Sustainable Options for Flexible Cannabis Packaging
Considering a the growing range of environmentally friendly options on the market, finding balance between ethics, marketability, and cost is easier than you may think.
With the growing availability (and decreasing cost) of locally sourced, plant based, and fully biodegradable options that were first developed for the food industry, sustainable packaging will likely become the gold standard in the ethically-focused cannabis market, even if it’s purely for the marketing benefit.
The cannabis industry is an interesting petri dish mixture of free market capitalism and eco-centric idealism. The big money from Silicon Valley, Canadian Pharma, New York hedge funds, and soon enough, Big Agriculture (think Monsanto Kush) is colliding with operations based on generational fundamentals like: organic farming, environmental stewardship, and growing boutique-quality product. The science and data that exposes efficiencies will be driver of many of the ‘big’ questions modern growers are trying to answer: LED vs. HPS, organic fertilizer vs. salts, solventless extraction vs. hydrocarbon, etc.
In the end, the bottom line is just that, and if you are yielding 20% more with salt fertilizer and selling it at the same price as organic, you’ll be hard-pressed to convince your investors that live-rosin is the way to go. However, if you can make the argument that organic product aligns more with your brand, will attract higher end customers, or will increase repeat purchases, you might get a lot less push back. Of course, if organic is cheaper to produce, sells for a higher price, or has an untapped market, the conversation will be even easier, but that’s where packaging and product diverge.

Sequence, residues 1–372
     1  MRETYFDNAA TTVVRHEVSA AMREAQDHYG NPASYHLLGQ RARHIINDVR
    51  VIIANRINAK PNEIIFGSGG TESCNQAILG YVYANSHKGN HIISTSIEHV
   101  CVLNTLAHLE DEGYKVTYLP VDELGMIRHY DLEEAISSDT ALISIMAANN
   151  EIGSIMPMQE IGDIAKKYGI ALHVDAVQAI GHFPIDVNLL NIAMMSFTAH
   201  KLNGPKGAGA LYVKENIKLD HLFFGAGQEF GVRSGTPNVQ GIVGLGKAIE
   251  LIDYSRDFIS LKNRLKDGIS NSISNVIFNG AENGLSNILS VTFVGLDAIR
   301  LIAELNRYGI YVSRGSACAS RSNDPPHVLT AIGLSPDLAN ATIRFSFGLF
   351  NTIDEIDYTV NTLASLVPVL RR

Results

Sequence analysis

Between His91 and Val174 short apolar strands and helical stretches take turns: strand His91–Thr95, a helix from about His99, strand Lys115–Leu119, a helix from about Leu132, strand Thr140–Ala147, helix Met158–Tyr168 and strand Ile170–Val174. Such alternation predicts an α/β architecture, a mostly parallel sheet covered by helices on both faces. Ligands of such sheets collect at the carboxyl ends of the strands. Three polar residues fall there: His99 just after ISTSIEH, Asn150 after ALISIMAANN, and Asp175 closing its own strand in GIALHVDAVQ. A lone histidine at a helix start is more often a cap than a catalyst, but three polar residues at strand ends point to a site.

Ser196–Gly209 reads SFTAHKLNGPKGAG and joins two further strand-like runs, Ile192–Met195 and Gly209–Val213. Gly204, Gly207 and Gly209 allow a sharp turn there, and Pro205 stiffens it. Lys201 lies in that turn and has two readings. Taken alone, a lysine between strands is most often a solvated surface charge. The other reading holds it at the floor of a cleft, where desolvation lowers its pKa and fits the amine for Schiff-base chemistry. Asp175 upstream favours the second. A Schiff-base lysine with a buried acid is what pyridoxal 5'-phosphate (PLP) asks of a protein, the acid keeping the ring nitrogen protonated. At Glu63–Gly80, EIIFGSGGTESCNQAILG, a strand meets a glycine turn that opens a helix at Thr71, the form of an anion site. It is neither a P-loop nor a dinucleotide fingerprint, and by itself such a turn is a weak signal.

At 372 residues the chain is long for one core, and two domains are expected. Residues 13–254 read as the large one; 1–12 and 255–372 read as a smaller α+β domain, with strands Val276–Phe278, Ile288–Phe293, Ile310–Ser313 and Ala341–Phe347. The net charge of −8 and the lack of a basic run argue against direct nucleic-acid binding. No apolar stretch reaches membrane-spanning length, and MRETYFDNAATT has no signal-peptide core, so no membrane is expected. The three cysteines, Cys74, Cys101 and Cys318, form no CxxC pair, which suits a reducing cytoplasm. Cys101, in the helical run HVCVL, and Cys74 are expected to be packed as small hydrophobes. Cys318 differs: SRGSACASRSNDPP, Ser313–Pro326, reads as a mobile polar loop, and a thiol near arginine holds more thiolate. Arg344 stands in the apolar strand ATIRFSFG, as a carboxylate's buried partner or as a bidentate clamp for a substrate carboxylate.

Honest Marijuana Co., based in Colorado, runs their farm with “zero waste and minimal draw on community or natural resources.” While their products certainly meet the mark for ethical standards, creating packaging that preserves the product, meets child safety guidelines, AND sustainability goals is exceedingly difficult, especially with margins taken into account.
Generally, more ‘ethical’ cannabis products are of higher quality. Moreover, consumers who prefer organic flower, solventless extracts, and natural ingredients in their edibles are willing to pay more for it. When it comes to cannabis packaging on the other hand, ethical doesn’t mean better. A biodegradable exit bag does the job just as well as a plastic one, and while consumers will generally pay more for ‘ethical’ cannabis, they might have a hard time with a $5 retail hike based on a switch to sustainable packaging. And this is why packaging is one of the first battles those old-school operators surrender to their investors… if you’re in the grower’s shoes, it’s just hard to see who benefits.
Of course, Mother Earth does. And likely, your marketing team would too. And so would your brand image. But would that be worth costs rising $1 or more per retail item? Likely not. But what if it was $0.20, or $0.05? Where is the line at which your commitment to your investors can be breached by your commitment to protecting the environment? For many reading, that line doesn’t exist. To the uber-capitalists, the cheaper, option, assuming it does the same job, is always better.